Professor Matthew Baylis from the University of Liverpool will talk about his predictions for future impacts of climate change on infectious diseases of animals at the Microbiology Society Annual Conference today (21 March). If we can anticipate what will happen to our climate, we could accurately predict the next outbreak of bluetongue virus disease in the UK. Not only that, but Matthew says that it’s possible to use the same model to say how quickly and widely the virus could spread. Indeed, the model could be used to predict the threat from other viruses on the livestock industry, too.
By 2050 there will be nine billion people in the world, and ever greater numbers will get their dietary protein from animal sources. As a result, we need to increase livestock production and ensure its sustainability. Climate change raises a number of challenges to doing this, not least, as Matthew has demonstrated, the enhanced transmission of infectious diseases.
Vector-borne diseases – those that are transmitted by biting insects and ticks – are important emerging diseases of farm animals. Recently, Britain has seen two outbreaks of midge-borne viruses that have previously been absent from these shores, both of which severely impacted the livestock industry: bluetongue in 2008, and Schmallenberg in 2011. Vector-borne diseases have taken hold elsewhere, disproportionately affecting low-income countries and are considered to be endemic, acting as a reservoir for the rest of the world.
Climate change has had a number of impacts on the transmission of vector-borne viruses. More temperate climates have enabled some species of insects and ticks to widen their territories, making incursions to the more northerly areas of the world. Ambient temperature can have a very significant impact on the ability of a virus to replicate inside the insect – if it can’t replicate sufficiently, an insect bite is less likely to transmit virus to an animal. And the prevailing weather conditions will dictate the movement and survival of vectors, particularly flying insects such as midges and mosquitoes. In fact, midges carrying bluetongue virus, as well as those carrying Schmallenberg virus, blew across the English Channel to transmit disease from the continent to the east of England.
Matthew has developed a model that can predict an outbreak of vector-borne viral disease. It uses observed climate data across Europe and looks for correlation with disease outbreaks. The model was tested using the information about climate conditions in southern Europe over the few decades and it correctly predicts high risk of outbreaks, for example in 1987–1990, when there was an outbreak of African horse sickness in Spain. Knowing it works in retrospect means that it can be used to predict future disease outbreaks, based on climate forecasts.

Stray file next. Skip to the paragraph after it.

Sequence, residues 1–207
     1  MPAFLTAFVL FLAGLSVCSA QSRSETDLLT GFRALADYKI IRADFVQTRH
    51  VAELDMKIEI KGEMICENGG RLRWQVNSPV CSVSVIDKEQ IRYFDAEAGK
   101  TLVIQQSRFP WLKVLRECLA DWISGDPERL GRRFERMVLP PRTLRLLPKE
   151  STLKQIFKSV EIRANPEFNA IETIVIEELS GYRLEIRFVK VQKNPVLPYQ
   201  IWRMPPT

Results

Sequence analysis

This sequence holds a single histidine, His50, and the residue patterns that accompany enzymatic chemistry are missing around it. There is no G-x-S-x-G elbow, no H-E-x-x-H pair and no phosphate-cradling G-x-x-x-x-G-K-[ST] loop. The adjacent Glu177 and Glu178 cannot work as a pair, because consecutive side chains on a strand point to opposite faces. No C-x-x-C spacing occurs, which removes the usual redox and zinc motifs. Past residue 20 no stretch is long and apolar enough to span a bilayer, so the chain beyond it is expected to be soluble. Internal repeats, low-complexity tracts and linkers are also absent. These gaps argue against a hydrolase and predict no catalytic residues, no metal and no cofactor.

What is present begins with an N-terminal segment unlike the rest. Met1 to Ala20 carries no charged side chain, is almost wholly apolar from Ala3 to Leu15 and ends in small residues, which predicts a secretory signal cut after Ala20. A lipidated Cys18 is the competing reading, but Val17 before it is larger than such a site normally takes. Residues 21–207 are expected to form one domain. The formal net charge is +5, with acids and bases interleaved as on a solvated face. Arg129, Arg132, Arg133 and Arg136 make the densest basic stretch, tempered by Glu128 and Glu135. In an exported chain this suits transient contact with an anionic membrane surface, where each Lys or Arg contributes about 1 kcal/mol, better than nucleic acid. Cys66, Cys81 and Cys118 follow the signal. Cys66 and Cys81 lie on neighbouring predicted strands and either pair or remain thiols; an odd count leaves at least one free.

Based on climate predictions, we can expect certain weather conditions at different times of the year. The more accurate our weather forecasts, the better we can tell the disease risk in a particular region. Matthew said: “At the moment the seasonal weather forecasts go to a maximum of three months, which is a bit frustrating. That said, if we can give three months’ notice of a bluetongue outbreak, that’s time to stockpile vaccine and have a plan to eradicate it quickly.”
So, how is climate change going to impact disease transmission? Matthew continued: “We’re already seeing the impact of climate change – the outbreak of bluetongue in 2006–7 was unprecedented and we can tie it to the prevailing climate at the time.
“With bluetongue, we were fortunate because it was a virus we already knew quite a lot about and the Meteorological Office was able to make predictions about where and when it might arrive. It was limited, though – we could only say in retrospect exactly where and when the conditions would have been right for an introduction, but that was useful as we at least knew where to look. That level of preparation is useful, as it allows for targeted surveillance or, in some settings, the strategic use of vaccines.
“The better we get at predicting what will happen to disease transmission as the climate changes, the more likely we are to be able to stamp out an outbreak before it takes hold.”
And that’s exactly what Matthew’s model can do. It can predict how rapid and widespread the transmission is likely to be, if and when the virus arrives.
Matthew and his colleagues also look at diseases that infect both animals and humans. They are already looking at Zika virus in light of the current outbreak in Brazil, which has been declared a public health emergency of international concern by the World Health Organization. This will include investigating the conditions required for the virus to replicate inside the mosquito vector, and how climate change affects the insect’s range and lifespan. Matthew said: “There is still a lot of work to do, but what we are really sure of is that climate change is contributing, along with other factors, to the emergence of livestock diseases.
“Many non-climate disease drivers are changing at the same time as climate and, when a disease emerges, it is usually difficult to attribute the emergence to climate change. This is particularly the case for human diseases, as our disease drivers are changing rapidly. The disease drivers of livestock are also changing, but less rapidly and livestock may act as sentinels of the effects of climate change on infectious diseases.”
Matthew says that in this way, animal viruses are acting as sentinels for the impact of climate change and it is certainly not too soon to act.